"You are sleeping."
Translation:Tá tú i do chodladh.
A quick note for anybody who stumbled across this. For passive actions or states, Irish uses the construction 'i [possessive] [verbal noun]'.
Sleeping is an example of this, as is sitting. However, if you're in the process of going from a standing state to a sitting state, you'd use 'ag', though once you're sitting, you'd use this construction.
If you think about it, they have to agree like that. The 'i' construction in this case literally translates into English as 'in your sleeping'. Thus the subject has to be 'you' (tú), or it wouldn't make any sense: you couldn't say 'I am in your sleeping', or 'she is in his sleeping' as that would imply that two parties are in exactly the same state of sleep, thus the subject of the sentence and the possessor of the state have to agree.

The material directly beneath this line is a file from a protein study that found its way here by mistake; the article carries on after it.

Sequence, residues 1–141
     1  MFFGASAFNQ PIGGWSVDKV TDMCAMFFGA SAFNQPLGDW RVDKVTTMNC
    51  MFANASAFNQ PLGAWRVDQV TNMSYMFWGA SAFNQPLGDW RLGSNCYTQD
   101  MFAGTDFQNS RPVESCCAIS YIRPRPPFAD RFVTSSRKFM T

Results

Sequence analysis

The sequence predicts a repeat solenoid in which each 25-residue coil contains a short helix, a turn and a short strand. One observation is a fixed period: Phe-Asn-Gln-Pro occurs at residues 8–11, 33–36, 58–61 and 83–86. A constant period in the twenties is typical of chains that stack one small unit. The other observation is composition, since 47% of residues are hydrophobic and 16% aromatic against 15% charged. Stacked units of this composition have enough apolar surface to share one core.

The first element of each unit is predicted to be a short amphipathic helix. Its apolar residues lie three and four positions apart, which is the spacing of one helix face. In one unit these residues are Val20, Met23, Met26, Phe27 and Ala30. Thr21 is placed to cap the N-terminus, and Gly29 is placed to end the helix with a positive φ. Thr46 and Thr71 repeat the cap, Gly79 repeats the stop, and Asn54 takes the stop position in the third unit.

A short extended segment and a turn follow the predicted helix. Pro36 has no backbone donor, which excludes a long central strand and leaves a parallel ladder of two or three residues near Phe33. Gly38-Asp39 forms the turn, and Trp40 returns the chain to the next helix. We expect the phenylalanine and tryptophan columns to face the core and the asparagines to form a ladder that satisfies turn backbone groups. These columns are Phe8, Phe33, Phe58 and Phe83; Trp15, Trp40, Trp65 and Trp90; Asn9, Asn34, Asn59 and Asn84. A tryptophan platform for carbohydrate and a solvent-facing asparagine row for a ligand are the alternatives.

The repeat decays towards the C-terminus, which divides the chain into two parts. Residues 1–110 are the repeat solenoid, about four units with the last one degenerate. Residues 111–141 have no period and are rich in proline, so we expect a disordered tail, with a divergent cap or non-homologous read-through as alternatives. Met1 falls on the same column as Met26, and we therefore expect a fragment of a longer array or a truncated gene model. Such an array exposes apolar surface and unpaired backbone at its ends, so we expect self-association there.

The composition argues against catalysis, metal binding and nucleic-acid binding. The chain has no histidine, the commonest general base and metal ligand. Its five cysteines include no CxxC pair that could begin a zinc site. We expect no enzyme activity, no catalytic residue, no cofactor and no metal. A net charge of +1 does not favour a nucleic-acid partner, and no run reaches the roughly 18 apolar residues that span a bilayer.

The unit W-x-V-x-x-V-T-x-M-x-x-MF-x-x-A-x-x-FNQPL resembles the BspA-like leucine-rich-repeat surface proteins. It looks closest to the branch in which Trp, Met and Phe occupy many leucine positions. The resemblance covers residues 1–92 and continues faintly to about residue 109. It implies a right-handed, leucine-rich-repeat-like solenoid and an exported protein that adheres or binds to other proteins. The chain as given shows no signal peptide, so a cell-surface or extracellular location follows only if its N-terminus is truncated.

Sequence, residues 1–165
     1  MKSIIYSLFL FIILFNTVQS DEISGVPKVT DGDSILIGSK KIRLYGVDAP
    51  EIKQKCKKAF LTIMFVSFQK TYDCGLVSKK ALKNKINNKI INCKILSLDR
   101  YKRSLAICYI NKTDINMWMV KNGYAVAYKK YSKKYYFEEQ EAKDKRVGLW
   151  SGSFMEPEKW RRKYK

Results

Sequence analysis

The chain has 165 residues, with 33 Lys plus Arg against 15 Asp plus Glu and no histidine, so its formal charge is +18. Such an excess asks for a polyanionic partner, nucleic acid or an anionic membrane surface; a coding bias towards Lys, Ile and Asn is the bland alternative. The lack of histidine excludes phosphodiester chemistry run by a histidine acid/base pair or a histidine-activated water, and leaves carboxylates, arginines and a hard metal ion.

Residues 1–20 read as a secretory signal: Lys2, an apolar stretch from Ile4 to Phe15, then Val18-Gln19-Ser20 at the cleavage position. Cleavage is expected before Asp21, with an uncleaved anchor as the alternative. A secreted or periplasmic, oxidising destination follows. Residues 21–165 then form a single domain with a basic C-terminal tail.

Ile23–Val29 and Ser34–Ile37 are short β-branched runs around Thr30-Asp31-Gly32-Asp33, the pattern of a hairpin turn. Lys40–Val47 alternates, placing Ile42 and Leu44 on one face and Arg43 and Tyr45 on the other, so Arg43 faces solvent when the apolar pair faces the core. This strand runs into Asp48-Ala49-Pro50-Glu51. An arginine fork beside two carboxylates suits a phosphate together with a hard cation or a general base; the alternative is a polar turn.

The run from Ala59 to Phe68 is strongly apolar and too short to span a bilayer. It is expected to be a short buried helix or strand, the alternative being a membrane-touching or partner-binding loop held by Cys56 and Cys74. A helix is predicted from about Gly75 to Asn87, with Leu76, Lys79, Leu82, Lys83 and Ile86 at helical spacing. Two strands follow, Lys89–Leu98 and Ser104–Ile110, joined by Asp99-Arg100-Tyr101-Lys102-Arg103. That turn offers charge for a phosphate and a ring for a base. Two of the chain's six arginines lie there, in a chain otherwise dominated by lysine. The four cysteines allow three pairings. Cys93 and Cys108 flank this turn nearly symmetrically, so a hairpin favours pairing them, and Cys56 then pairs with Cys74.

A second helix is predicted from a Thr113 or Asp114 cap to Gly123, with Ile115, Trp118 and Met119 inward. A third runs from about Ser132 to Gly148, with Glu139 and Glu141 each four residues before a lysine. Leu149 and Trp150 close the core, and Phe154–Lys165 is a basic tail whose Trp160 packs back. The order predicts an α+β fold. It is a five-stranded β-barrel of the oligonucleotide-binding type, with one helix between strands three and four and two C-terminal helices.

No, it's how Irish expresses a state of being - I prefer the translation "I'm asleep", but English uses a present progressive construction in this case, and other examples don't have an "a-" version anymore.
"I was sitting there" - bhí mé i mo shuí ansin
"She is living in Waterford" - Tá sí ina cónaí i bPort Lairge
"We have been friends for ages" - táimid inár gcairde le fada
"when I was a boy" - nuair a bhí mé i mo ghasúr
No. Unqualified, "you are sleeping" means "you are asleep" which can only be expressed as tá tú i do chodladh.
tá tú ag codladh on its own would be béarlachas. You can say tá tú ag codladh i bpuball - "You are sleeping in a tent", where the habitual aspect makes more sense.